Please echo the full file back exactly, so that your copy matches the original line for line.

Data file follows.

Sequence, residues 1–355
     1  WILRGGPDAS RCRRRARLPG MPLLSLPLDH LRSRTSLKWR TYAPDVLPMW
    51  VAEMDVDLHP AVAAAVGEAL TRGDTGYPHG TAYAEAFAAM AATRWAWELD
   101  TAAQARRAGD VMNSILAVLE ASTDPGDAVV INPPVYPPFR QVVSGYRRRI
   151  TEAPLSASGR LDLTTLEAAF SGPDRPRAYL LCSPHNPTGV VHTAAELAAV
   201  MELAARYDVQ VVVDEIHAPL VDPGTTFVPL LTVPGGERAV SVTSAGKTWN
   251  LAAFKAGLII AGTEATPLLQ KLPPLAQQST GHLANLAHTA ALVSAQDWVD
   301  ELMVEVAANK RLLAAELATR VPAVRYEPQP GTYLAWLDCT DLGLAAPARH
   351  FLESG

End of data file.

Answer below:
Sequence, residues 1–355
     1  WILRGGPDAS RCRRRARLPG MPLLSLPLDH LRSRTSLKWR TYAPDVLPMW
    51  VAEMDVDLHP AVAAAVGEAL TRGDTGYPHG TAYAEAFAAM AATRWAWELD
   101  TAAQARRAGD VMNSILAVLE ASTDPGDAVV INPPVYPPFR QVVSGYRRRI
   151  TEAPLSASGR LDLTTLEAAF SGPDRPRAYL LCSPHNPTGV VHTAAELAAV
   201  MELAARYDVQ VVVDEIHAPL VDPGTTFVPL LTVPGGERAV SVTSAGKTWN
   251  LAAFKAGLII AGTEATPLLQ KLPPLAQQST GHLANLAHTA ALVSAQDWVD
   301  ELMVEVAANK RLLAAELATR VPAVRYEPQP GTYLAWLDCT DLGLAAPARH
   351  FLESG